Developer: Analgesic Productions
Platforms: PC, Linux, Mac and Android
We’ve always been a fan of the weirder Legend of Zelda games like Majora’s Mask and it seems like the guys behind Anodyne share that sentiment. It’s another top-down game with dungeons and puzzles to conquer, but its story and presentation take on a dream-like quality with plenty of weirdness including enemies that insult you.
In another nod to Zelda, its one weapon – a broom – evolves to have a variety of uses that you’ll need to solve puzzles. At one point you’ll use the stick end as a club to beat off enemies, while later on, you’ll need to move piles of dust around to trigger switches and more.
It’s certainly got that feeling of the portable Zelda entries, including Link’s Awakening, but that strange tone means it’s always gunning for comparisons to Majora’s Mask in all the best ways.
Legend of the Skyfish
Developer: MGaia Studios
Publisher: Crescent Moon Games
Platforms: Android and iOS
Unlike the other entries in this list, Legend of the Skyfish is a mobile exclusive – at least for now. This touch-centric adventure is a gloriously simple homage to the puzzles in Zelda games of old. Using an incredibly powerful fishing rod, you can move around the world, trigger switches and take on fishy enemies that are now walking the land in service of the evil Skyfish himself.
But it’s so like the traditional level-based Zelda dungeons in that you can use the environment against the enemies, including spike traps that are triggered as you walk. It’s also incredibly creative with the limited toolset you’re given. Basically, all the puzzles and attacks revolve around the hooking mechanic, but the myriad ways to use it makes sure it always lets you be as creative as possible.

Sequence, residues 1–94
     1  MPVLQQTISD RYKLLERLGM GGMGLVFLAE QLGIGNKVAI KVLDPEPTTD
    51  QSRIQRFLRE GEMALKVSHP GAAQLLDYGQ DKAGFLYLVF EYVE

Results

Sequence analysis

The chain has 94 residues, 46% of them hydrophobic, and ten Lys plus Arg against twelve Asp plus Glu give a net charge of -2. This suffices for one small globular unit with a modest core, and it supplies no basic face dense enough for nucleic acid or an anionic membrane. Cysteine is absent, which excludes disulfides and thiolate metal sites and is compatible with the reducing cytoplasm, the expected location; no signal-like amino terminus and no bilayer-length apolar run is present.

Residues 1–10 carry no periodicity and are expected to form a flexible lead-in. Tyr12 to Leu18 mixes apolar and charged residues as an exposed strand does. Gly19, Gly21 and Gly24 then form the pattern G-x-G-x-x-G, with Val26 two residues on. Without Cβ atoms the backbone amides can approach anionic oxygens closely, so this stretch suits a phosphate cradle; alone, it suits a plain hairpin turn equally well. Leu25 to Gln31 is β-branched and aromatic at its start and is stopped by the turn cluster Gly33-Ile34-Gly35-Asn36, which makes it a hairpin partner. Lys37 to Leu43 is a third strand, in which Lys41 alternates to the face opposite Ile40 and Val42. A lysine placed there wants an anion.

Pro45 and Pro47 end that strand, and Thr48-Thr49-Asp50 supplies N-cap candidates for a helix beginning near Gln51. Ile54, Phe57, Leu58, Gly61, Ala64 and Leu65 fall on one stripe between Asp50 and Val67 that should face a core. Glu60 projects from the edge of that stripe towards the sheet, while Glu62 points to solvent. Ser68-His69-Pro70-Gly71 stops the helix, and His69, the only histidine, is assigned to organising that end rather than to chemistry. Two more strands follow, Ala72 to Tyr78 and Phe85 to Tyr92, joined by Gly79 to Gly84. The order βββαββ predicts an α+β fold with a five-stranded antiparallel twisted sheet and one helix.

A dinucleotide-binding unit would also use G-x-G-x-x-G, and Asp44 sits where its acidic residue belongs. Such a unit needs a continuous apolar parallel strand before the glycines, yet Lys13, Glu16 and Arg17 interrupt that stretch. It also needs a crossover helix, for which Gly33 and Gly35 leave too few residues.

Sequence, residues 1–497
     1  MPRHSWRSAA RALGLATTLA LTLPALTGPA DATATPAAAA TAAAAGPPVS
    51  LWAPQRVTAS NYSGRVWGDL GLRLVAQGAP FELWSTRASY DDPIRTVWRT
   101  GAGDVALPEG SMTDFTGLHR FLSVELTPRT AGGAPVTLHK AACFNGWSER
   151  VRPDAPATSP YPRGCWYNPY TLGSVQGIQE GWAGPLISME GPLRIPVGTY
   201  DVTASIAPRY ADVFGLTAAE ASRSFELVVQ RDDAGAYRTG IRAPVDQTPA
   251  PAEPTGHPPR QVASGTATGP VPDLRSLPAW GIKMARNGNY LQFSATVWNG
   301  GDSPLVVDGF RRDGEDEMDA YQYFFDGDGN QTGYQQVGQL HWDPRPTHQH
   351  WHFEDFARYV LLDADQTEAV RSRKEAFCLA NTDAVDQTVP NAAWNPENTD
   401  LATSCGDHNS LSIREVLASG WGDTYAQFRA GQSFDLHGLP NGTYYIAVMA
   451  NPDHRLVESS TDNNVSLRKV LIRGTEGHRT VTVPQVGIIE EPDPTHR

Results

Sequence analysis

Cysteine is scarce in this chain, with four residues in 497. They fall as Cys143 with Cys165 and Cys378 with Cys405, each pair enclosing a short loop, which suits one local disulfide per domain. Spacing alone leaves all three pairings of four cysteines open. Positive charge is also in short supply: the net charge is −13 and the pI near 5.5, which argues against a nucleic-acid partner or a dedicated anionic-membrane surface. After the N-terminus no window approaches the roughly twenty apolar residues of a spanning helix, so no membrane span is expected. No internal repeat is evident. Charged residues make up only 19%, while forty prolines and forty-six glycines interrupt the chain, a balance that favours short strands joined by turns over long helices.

Warden: Melody of the Undergrowth
Developer: Cardboard Keep
Platforms: PC, Mac, Linux and coming soon to “consoles”
Warden: Melody of the Undergrowth is one of those rare treasures that not only screams Zelda clone but draws out plenty of nostalgia for games like Banjo-Kazooie and Super Mario 64. It’s a tale of a young boy who’s on a quest to rescue his father and ends up discovering magic and spirits en route.
Combat is at the fore here, but along the way, you’ll be solving puzzles and dabbling in some platforming too. The worlds are bright and vibrant, and the art style is a lovely nod to The Wind Waker. It’s also filled with strange but brilliant characters that will give you additional quests.
It’s a glorious slice of gaming that makes you think you’ve gone back to the N64 days of Zelda fun.
Super Chibi Knight
Publisher: Armor Games
Platforms: PC, Mac and Linux
The last entry in our list of indie games like Zelda is a lesser known game called Super Chibi Knight. Unlike Zelda games, this is a 2D side-scroller where you move through a world map fighting monsters and exploring dungeons using items you’ve collected along the way. You level up your character using XP collected from fallen enemies and sacks labelled with those initials, just as you did in Zelda II: The Adventure of Link – although without the obvious sacks.
It’s nice for a game to pick out a feature of one of the lesser celebrated Zelda entries and make it their own.
Plus, there’s also a gorgeous family tale behind Super Chibi Knight in that this is the product of developer Nick Pasto and his (then) eight-year-old daughter Bella, who actually handled most of the creative direction. She’s also the voice of the game’s young heroine, which just gives it that extra aww factor.